Museum department store meets Spreewaldbahn!
Welcome to the Spreewald Museum. A local museum was founded in Lübbenau as early as 1899. Since 1999, the Spreewald Museum has been housed in a striking building with an archway. Originally the town hall and later the royal district court with the local police station were located here. You can even view a cell from this period in the basement of the building. In 2011, the museum acquired its largest exhibit, the Spreewald railway. The modern annex was built especially for this. Here you can discover the original narrow-gauge railway from 1897 with the passenger and baggage car – which weighs absolutely tons! Get in, commander the train driver's cab or take a seat in economy class from the year 1900!
The museum department store – stroll through town in 1900
From the 11th century onwards, German settlers arrived in the Spreewald, which was previously inhabited mainly by Slavic peoples. They founded cities such as Cottbus, Lübben, Lübbenau and Calau as trading hubs, they built market and churches. The region’s rich vegetable harvest was sold here on market days and sales fairs. The towns flourished in the late 19th century. Craftsmen and tradesmen opened new shops, mills and workshops where townspeople and rural people could buy everyday items and also special products, which became more plentiful as time went on. In addition to traditional trades such as bakers, butchers and shoemakers, also colonial goods stores, clothing stores and pharmacies offered their goods.
Immerse yourself in the busy life of the Spreewald town around 1900 in the museum department store. Stroll through the typical historical shops, shops and workshops of this time and learn how to live, work and spend your free time in the Spreewaldstadt.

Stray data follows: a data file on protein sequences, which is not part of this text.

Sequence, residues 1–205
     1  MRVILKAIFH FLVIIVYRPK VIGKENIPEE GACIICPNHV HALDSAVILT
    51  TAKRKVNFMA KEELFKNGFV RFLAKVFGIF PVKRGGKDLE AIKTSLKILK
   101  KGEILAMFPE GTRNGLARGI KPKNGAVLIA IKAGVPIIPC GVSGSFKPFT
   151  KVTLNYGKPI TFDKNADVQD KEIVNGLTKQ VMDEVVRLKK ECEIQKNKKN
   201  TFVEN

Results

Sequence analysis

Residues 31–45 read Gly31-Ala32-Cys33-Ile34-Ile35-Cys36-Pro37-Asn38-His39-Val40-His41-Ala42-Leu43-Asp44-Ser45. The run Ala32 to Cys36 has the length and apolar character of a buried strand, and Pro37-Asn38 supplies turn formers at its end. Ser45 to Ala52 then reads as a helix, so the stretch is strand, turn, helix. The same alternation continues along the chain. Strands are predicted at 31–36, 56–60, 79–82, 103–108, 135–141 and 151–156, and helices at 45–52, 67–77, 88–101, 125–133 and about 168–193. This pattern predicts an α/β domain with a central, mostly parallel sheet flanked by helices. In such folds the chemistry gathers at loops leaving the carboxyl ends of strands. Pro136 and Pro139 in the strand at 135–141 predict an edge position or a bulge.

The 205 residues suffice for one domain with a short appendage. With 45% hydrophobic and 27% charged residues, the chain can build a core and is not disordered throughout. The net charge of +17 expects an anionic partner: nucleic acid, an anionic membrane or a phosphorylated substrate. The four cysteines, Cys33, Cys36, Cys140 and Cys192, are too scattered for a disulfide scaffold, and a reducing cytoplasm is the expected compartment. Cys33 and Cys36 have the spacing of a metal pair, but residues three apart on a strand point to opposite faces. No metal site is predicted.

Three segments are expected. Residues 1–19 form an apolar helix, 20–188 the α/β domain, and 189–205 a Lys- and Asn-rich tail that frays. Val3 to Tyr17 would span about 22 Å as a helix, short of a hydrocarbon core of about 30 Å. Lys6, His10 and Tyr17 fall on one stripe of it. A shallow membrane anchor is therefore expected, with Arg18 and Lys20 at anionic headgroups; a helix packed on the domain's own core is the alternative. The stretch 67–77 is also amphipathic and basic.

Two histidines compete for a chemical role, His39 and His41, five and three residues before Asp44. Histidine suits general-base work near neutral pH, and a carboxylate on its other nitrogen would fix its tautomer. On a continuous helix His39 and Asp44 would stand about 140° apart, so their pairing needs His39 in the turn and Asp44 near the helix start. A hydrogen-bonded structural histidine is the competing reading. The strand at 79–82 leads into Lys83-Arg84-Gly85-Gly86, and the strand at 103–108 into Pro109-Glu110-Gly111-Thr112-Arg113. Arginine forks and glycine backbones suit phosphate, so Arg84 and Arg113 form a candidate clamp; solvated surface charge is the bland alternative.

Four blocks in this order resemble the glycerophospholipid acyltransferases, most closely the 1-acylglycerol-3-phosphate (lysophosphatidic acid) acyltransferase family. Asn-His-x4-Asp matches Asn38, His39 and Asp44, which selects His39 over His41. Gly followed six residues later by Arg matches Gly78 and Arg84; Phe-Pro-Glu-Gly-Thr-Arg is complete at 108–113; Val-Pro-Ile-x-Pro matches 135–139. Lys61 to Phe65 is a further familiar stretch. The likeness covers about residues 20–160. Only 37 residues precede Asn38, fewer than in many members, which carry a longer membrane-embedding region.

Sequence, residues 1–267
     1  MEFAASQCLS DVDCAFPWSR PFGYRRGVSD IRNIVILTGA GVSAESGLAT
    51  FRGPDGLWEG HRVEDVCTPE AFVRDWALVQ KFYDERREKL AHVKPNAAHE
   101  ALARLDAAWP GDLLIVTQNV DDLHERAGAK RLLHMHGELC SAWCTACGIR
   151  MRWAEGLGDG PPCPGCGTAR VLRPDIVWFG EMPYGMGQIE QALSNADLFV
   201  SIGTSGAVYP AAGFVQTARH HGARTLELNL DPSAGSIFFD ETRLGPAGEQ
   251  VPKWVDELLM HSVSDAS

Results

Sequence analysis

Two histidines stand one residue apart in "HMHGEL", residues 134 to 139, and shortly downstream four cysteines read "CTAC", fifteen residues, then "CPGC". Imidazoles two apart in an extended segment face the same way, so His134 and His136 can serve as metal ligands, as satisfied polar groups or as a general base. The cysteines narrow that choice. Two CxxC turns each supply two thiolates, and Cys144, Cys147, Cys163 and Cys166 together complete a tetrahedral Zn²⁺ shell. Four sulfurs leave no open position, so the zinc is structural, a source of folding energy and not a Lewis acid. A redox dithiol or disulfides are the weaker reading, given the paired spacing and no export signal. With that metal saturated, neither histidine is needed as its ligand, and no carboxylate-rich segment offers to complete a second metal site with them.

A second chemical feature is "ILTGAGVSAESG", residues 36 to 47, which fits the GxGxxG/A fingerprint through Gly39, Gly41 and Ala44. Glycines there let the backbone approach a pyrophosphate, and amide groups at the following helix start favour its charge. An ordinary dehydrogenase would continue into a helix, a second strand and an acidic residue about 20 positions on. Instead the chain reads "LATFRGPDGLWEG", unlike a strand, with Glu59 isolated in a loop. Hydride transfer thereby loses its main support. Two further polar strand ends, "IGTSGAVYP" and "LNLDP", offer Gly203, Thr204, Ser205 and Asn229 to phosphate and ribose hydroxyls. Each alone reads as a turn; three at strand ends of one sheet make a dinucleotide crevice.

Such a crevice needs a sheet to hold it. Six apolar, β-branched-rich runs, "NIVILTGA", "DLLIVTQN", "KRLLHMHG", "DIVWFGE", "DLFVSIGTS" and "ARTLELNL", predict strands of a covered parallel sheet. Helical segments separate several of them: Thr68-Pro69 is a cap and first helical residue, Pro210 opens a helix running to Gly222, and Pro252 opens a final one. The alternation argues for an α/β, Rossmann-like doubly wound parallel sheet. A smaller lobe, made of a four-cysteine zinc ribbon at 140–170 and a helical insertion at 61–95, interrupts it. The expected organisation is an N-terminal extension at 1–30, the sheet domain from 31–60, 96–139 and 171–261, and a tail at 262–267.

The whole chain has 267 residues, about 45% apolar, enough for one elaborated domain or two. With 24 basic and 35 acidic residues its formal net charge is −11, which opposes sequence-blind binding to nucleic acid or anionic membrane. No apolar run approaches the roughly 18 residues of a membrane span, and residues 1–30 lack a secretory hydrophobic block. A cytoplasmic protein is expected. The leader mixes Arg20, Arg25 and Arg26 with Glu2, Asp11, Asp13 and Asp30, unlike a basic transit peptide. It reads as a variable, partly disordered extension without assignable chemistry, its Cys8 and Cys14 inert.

- Mixed and grocery store
- Baker and butcher
- Clothing store
- Linen weaving and blue print workshop
- Pub in 1900
- Early tourism
Adventure sites and interactive stations:
- Bagged and weighed
- Knead bread
- Fur puzzle and hat maker box
- Puzzle with shoe lasts
- Measure clothing sizes and hold tailoring tools in your hands
The Spreewald Railway
The barge has long been the most important means of transport in the Spreewald area. For centuries, most goods were transported by water. That changed with the expansion of the railway. The Berlin-Görlitz railway line connected the cities of Lübben, Lübbenau and Cottbus to the national railway network from 1867. A special narrow-gauge railway was built to connect towns east of the Oberspreewald, between Lübben and Cottbus. From 1898 to 1970, the Spreewald railway brought goods and workers from the countryside to the cities and increasingly also holiday makers looking to spend some relaxing time in the Spreewald area. After the end of era of the railway, the Spreewald rail network was dismantled. The “99 57 03” locomotive and the original passenger and baggage car came to the museum in 1970. They tell the exciting story of the narrow-gauge railway.
- Welcome aboard the historic narrow-gauge railway 99 57 03 and the passenger and baggage car 1897!
Spreewald Art Collection
Numerous artists have been inspired by the exotic lagoon landscape and the multifaceted motifs of the Spreewald since the 19th century. In our art collection you can discover the Spreewald, its people and its unique landscape from the perspective of painters and graphic artists, both contemporary and past.